‘Crazy Rich Asians’: more than just a rom-com
The last major Hollywood film featuring an all-Asian cast, Joy Luck Club, was released 25 years ago. After enduring years of nerdy, martial arts-performing, sidekick caricaturesque portrayals in mass media, I’ve been eagerly awaiting the release of “Crazy Rich Asians,” a more humanizing and sexy film based on the novel written by Kevin Kwan. There’s no doubt that the film is a historic win for representation. The anticipation surrounding the film, dubbed by some as the “Asian Black Panther,” led to a lot of concerns about its success and its implications for future Asian and Asian-American actors and directors. These concerns were dispelled as the romantic comedy raked in $25.2 million on its opening weekend, clearly appealing to audiences both inside and outside of the Asian community.
The story centers on Rachel Chu, an Asian-American New York University economics professor played by Constance Wu, and Nick Young, a member of one of the richest families in Singapore played by Henry Golding, as they finally introduce themselves as a couple to Young’s family. Their romance is strained not only by familial pressures and rejection, but also by cultural clashes and differences in social status.
Despite the possibility of making the characters in this movie haughty and unrelatable, all of the crazy rich Asians are authentic characters. Their portrayals made it easy to empathize both with a woman who buys $1.2 million earrings and a mother who is set on tearing her son’s relationship apart. The film really highlights the Asian and Asian-American struggle to display love and affection, especially in clashing cultures of collectivism and individualism. For example, Nick and Rachel have a fallout after a confrontation with Nick’s mother. While Nick promises that he wants nothing to do with his family anymore, Rachel understands that if he chooses her, he will end up losing his family; if Nick chooses his family, he might spend his whole life resenting his mother.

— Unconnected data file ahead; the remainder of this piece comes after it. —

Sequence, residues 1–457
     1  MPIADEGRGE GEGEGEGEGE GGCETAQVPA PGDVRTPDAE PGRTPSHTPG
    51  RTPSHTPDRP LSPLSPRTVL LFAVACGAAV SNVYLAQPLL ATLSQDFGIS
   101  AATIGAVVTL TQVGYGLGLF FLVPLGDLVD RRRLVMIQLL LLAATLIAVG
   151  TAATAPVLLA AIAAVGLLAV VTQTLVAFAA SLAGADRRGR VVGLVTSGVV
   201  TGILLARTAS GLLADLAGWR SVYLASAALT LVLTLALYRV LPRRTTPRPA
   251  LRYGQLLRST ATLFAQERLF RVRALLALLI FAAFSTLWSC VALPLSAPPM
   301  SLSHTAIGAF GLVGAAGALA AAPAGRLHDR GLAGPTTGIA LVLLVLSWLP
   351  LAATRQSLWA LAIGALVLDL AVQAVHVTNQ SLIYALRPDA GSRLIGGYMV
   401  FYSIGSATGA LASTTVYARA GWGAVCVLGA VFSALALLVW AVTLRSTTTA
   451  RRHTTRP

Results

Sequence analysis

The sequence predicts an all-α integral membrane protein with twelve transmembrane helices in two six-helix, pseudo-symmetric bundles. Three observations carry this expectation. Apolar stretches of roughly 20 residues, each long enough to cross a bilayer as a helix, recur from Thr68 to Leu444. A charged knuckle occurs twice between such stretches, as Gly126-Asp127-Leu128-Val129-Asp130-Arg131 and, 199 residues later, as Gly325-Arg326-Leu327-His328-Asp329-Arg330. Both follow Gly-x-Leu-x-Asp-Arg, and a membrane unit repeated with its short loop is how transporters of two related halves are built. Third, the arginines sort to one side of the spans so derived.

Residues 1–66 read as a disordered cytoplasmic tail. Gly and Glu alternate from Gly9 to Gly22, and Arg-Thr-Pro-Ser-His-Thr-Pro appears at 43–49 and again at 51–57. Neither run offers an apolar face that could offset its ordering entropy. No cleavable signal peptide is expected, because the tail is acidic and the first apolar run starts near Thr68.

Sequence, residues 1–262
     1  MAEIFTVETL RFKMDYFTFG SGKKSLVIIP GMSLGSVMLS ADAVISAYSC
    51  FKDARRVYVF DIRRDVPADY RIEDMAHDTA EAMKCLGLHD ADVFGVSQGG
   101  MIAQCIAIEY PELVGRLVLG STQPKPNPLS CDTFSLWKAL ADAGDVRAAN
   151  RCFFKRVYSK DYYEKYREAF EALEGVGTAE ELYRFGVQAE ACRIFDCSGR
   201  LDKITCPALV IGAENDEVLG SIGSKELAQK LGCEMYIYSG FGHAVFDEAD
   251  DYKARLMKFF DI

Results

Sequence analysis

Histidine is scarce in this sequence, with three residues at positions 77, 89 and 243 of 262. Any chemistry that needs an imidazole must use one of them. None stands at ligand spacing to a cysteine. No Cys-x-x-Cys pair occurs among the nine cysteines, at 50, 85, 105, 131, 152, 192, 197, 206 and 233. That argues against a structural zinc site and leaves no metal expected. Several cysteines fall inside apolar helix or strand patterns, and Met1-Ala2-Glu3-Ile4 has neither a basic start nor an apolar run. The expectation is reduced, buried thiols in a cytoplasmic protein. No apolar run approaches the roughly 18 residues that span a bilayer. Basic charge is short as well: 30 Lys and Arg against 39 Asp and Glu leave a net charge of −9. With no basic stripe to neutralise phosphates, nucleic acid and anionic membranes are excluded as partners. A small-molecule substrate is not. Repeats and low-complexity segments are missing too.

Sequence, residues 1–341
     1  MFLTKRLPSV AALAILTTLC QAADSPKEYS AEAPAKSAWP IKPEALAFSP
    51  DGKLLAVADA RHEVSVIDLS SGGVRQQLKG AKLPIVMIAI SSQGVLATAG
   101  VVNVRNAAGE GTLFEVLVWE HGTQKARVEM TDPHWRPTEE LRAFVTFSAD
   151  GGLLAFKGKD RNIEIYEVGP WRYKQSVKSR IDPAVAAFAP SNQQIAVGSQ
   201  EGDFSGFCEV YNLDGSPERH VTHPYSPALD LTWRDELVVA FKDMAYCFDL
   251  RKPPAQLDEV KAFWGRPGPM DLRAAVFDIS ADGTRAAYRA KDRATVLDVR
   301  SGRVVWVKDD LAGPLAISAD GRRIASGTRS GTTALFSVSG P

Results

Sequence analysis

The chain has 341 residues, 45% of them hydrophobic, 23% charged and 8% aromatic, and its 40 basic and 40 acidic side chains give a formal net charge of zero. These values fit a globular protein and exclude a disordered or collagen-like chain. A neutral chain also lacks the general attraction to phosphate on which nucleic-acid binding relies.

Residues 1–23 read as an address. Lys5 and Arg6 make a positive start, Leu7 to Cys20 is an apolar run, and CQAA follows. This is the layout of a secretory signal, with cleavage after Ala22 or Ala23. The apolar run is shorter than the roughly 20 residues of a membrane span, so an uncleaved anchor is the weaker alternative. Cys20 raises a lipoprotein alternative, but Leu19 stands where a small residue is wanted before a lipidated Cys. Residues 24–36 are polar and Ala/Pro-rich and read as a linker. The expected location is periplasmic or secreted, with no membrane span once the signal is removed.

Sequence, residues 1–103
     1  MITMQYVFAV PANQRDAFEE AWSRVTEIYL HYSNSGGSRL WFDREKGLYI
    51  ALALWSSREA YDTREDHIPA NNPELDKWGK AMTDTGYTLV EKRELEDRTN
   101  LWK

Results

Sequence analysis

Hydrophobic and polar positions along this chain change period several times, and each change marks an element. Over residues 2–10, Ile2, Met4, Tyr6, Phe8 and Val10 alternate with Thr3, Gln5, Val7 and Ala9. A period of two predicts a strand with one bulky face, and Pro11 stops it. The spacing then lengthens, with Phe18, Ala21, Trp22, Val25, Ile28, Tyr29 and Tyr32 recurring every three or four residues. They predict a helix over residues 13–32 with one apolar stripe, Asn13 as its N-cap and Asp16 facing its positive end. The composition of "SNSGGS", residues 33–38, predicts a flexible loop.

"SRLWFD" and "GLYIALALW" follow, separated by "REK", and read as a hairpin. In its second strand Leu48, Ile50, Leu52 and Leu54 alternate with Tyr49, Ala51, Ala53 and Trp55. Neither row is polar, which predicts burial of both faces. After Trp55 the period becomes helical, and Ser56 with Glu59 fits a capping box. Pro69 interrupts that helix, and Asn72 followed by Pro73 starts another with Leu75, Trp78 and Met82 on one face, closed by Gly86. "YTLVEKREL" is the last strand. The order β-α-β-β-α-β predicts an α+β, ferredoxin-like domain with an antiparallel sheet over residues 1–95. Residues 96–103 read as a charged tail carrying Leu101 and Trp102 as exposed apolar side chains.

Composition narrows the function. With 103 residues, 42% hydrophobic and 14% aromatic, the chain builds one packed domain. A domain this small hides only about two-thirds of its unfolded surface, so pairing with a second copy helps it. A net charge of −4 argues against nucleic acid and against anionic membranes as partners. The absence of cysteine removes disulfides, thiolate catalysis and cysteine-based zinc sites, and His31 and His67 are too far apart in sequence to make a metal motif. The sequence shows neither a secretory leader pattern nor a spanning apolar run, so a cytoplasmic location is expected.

“Crazy Rich Asians” also boasts a heroine that isn’t simply a hot mess bound for a makeover. The strong female leads combat the archetypal svelte, dainty and submissive Asian female that fuels a common fetishization. Rachel has a secure job and stable relationships with not only her boyfriend but also her friends and her mother and isn’t completely clumsily falling into Nick’s world. She tries her hardest to love Nick but has unwavering morals that she isn’t willing to compromise to keep him. Similarly, Astrid, Nick’s cousin, is the breadwinner of her family. She ends up leaving her cheating husband, claiming that it isn’t her job to make him feel like a man. The whole film has a strong matriarchal feel that doesn’t leave Asian women on the sidelines.
A common struggle of being an Asian-American is reconciling the hyphen between the words, losing the identity of both trying to be “Asian enough” or “American enough.” That struggle is poignantly displayed when Nick’s mother tells Rachel she will “never be enough.” Rachel shows a familiar discomfort with consistently being asked to prove authenticity in being Chinese or American, proving to be too foreign for either culture depending on longitudinal location. Having that unease played so delicately by a cast that is all Asian is cathartic.
Despite the beautiful writing and direction of “Crazy Rich Asians,” it falls into some problematic tropes. Awkwafina’s character portrayal of Peik Lin goes beyond sassy sidekick and instead comes across as an inherently caricaturesque version of a sassy black sidekick. No doubt, Awkwafina’s entire career is built on reaping blackness, and it’s in poor taste to write her character in a way to “defy stereotypes” or seem like a radical comedic relief. Additionally, in the opening scene of “Crazy Rich Asians,” Nick’s mother experiences direct racism when the hotel denies her a room despite her having booked one. The mother ends up buying the hotel, and while the scene ends on an empowering note, it’s no coincidence the film ends up centered on a wealthy, privilege-driven Singaporean family. The perpetuation of the model minority myth is fueled by the copious number of highly-educated, affluent characters present in the film.
While the film doesn’t represent the vast diversity of East Asia or Asian-American experiences, it is important to note that the complexities and richness of the Asian diaspora cannot be completely encapsulated in a single film. Media representation is a conduit for dispelling sentiments of white dominance, especially in the entertainment industry. Yes, the film has pretty, petty ladies, shirtless guys and trite rom-com characters. Yes, the film doesn’t highlight the economic or racial divisions between Asian ethnic groups. Yes, the film really only highlights East Asians, and shouldn’t be representative of all Asians. However, “Crazy Rich Asians” is an amazingly emotional film that resonates with so many Asian-Americans, and it would be unfair to hold the film to such a high standard for representation of all Asian-American experiences. And yes, you should go see it.
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